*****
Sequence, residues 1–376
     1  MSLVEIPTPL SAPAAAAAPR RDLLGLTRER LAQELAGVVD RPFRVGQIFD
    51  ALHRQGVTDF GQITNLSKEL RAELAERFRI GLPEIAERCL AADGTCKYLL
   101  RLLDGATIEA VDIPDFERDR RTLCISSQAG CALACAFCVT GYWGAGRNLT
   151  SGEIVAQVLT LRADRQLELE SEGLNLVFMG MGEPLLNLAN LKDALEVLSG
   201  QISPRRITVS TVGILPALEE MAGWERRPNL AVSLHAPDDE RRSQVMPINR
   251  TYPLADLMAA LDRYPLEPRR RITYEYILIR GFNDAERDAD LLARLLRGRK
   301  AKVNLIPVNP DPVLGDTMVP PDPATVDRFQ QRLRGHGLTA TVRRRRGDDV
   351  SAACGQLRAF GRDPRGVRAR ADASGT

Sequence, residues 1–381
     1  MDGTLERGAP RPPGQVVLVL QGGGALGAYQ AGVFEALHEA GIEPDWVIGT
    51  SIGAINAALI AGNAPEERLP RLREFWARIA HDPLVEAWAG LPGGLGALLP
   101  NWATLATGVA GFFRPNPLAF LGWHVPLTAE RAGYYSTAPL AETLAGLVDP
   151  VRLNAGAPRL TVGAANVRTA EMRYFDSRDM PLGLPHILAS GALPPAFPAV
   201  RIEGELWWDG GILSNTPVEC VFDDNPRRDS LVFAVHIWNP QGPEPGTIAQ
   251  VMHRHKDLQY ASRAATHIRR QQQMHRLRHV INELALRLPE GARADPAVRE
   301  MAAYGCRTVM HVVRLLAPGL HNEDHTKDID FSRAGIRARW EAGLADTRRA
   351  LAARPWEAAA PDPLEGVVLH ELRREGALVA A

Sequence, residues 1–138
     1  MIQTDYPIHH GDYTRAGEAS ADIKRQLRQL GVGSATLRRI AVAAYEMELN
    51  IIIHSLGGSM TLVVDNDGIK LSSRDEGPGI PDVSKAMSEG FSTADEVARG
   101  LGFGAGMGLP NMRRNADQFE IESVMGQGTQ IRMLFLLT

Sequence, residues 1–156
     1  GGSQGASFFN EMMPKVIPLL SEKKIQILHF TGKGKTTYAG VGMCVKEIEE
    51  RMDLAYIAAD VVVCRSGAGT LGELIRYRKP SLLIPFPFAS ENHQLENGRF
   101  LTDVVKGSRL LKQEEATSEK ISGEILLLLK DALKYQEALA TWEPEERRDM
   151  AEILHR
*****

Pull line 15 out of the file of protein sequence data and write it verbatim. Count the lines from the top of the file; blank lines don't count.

   201  RIEGELWWDG GILSNTPVEC VFDDNPRRDS LVFAVHIWNP QGPEPGTIAQ